Who Killed The Airbus A380?

© Airbus SAS 2017 – All rights reserved.

Two weeks ago, when Airbus announced the end of its A380 superjumbo program, it was front­page news — but nobody in the aviation industry was surprised. Technology from this industrial marvel has already contributed to the generation of composite ­framed twin­ engined aircrafts that will replace it, and the jets themselves will continue flying for decades yet. But why did this most impressive aircraft fail to thrive as Airbus had hoped? John Walton, our aviation expert, gives his insights.

Fifty years ago, something similar happened with Concorde. The British Aircraft Corporation and Sud Aviation, both of which are now part of Airbus, developed a technological revolution that everybody at the time, including their rivals, assumed would be the future. But, fuel costs quite a bit. Just as the cancellations to Concorde coincided with the oil crisis in 1973, airlines burned one too many times by spikes in the price of fuel preferred to bet on twin jets like Airbus’ A350 and Boeing 787 that are a decade newer, plus the forthcoming 777X  family. A primary motivator has been the growing range and efficiency of the big twins which has reduced the desire among many airlines to operate hub to hub flights. Essentially, if a 787 can fly nonstop from Melbourne to San Francisco, the demand for passengers connecting to an A380 via Sydney and LAX is reduced.

The world has also changed around Airbus, with more open skies and increasingly permissive bilateral agreements in countries where access was previously a problem. The driver for Emirates, for example, used to be that it could only secure a certain number of landing slots from government regulators. It was thus incentivized to operate larger aircrafts to maximize capacity.

Restrictions within the Chinese market, too, have reduced demand for the A380, since Chinese airlines are prevented from doubling up on new routes. This means that there is a strong incentive for carriers to operate smaller widebodies like  A330s or 787s on secondary routes instead.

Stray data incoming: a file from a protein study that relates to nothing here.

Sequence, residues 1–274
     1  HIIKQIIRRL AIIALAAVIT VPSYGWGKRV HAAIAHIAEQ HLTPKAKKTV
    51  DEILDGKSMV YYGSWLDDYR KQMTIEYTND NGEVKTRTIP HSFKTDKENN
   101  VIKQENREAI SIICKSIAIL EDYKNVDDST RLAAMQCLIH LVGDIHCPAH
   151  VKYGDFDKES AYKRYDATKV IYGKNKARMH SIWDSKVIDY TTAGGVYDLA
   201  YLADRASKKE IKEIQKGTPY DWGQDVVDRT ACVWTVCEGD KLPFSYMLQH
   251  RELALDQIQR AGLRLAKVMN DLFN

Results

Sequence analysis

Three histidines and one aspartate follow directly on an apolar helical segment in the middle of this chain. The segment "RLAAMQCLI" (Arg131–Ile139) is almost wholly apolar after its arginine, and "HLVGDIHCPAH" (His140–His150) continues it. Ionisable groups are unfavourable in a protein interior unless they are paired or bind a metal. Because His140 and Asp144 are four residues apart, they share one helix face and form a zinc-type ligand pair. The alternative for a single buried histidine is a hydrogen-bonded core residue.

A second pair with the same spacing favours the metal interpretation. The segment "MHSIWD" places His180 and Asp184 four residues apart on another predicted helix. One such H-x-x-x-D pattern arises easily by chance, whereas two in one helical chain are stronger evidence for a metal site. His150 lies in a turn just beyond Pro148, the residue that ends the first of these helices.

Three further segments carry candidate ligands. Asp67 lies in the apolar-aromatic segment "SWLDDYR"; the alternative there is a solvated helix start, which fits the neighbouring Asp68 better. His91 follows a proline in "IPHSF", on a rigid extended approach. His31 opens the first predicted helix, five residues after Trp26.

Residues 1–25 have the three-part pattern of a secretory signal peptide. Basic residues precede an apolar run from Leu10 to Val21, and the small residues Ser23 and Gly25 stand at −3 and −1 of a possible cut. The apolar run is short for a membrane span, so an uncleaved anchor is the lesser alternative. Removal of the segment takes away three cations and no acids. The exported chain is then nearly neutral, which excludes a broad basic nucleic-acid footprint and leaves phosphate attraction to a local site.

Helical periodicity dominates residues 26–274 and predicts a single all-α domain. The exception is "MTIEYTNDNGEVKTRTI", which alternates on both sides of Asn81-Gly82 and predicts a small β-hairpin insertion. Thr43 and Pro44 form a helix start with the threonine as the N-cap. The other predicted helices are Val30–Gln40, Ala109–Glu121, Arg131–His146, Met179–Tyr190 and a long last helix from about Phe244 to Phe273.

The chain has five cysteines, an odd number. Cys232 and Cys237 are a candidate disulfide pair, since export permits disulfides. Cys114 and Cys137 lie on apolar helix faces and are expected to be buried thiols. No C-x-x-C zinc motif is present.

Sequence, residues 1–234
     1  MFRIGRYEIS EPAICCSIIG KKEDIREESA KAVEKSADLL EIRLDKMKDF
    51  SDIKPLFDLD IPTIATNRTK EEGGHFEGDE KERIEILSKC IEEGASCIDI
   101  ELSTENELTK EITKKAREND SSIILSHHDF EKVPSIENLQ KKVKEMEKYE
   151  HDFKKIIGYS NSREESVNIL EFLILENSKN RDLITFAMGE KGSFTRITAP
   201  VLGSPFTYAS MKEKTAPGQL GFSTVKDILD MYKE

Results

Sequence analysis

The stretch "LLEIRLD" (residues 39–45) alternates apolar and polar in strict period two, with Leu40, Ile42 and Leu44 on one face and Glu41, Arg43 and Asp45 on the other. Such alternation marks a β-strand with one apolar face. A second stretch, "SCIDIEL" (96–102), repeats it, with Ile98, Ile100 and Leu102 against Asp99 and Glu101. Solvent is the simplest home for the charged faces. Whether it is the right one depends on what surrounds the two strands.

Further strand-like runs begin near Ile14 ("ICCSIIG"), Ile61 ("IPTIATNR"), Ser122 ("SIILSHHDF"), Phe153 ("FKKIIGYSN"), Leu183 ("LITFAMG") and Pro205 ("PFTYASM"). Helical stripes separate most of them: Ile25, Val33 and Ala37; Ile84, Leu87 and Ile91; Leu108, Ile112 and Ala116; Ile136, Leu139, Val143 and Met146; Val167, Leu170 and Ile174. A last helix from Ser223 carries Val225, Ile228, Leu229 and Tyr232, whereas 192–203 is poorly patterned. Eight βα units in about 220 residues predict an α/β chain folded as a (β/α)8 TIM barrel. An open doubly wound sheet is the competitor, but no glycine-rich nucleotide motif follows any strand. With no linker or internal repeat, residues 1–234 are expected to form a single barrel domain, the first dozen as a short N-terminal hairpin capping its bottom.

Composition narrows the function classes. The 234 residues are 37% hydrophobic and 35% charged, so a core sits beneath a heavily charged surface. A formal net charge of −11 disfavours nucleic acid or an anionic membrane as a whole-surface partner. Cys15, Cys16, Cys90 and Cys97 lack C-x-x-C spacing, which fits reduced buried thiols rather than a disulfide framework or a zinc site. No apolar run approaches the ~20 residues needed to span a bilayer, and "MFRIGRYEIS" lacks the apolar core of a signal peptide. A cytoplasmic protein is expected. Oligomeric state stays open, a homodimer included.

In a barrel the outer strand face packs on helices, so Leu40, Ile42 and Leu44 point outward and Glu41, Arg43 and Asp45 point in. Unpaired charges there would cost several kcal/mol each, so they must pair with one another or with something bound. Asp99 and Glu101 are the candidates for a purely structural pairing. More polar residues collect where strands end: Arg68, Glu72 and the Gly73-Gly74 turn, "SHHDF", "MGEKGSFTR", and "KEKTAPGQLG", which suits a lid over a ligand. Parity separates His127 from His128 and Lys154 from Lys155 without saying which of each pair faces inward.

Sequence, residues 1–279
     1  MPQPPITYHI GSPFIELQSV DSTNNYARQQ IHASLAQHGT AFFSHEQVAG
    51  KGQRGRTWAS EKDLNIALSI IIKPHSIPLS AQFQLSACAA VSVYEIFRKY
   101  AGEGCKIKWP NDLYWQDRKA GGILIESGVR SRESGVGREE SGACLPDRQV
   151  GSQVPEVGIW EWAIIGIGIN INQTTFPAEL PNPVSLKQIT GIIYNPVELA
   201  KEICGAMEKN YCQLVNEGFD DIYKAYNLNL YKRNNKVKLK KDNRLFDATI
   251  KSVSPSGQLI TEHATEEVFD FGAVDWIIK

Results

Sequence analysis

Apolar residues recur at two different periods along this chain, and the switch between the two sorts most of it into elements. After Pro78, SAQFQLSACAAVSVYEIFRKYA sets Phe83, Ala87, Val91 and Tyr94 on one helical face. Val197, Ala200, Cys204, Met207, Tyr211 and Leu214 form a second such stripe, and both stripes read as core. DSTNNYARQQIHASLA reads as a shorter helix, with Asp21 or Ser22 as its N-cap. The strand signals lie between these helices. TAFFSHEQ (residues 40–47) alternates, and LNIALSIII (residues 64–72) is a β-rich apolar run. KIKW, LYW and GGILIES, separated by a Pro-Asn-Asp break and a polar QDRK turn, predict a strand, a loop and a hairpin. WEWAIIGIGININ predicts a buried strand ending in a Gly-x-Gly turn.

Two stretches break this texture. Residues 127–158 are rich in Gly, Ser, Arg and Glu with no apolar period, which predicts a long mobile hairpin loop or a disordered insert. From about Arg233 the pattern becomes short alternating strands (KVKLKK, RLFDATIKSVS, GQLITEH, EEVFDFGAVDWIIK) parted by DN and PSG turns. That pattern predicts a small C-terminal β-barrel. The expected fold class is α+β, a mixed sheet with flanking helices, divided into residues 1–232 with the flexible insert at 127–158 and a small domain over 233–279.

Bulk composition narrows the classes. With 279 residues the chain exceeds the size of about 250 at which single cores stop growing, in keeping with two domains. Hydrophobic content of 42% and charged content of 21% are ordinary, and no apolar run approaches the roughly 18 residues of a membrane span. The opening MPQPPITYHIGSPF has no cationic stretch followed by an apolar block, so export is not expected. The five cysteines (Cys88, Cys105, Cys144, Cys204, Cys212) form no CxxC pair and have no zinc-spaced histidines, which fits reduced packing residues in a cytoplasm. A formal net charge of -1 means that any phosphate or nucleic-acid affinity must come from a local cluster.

In some cases, new airport slot capacity has reduced the motivation to increase capacity by increasing aircraft size. Airports have also been a constraint: British Airways continues to operate Boeing 747 and 777 aircrafts to New York JFK because its terminal cannot handle the A380, while there is a substantial lack of A380 ­capable gate capacity at JFK and certain other airports.

The willingness of regulators to certify twin jets for increasingly extended over­water operations (ETOPS) additionally has meant that they can be used on some routes where four­ engined jets like the A380 previously dominated.

Yet there is still life in the old bird. Most A380 operators have stated that they plan to continue using the aircrafts for the duration of their expected commercial life, with both Qantas and Singapore Airlines undertaking a round of cabin refurbishment and many more airlines making plans to do so for their own A380s. As for passengers, people who still love the big jet with its wide seats, quiet ride and spacious cabin will have the chance to fly in one for many years to come.


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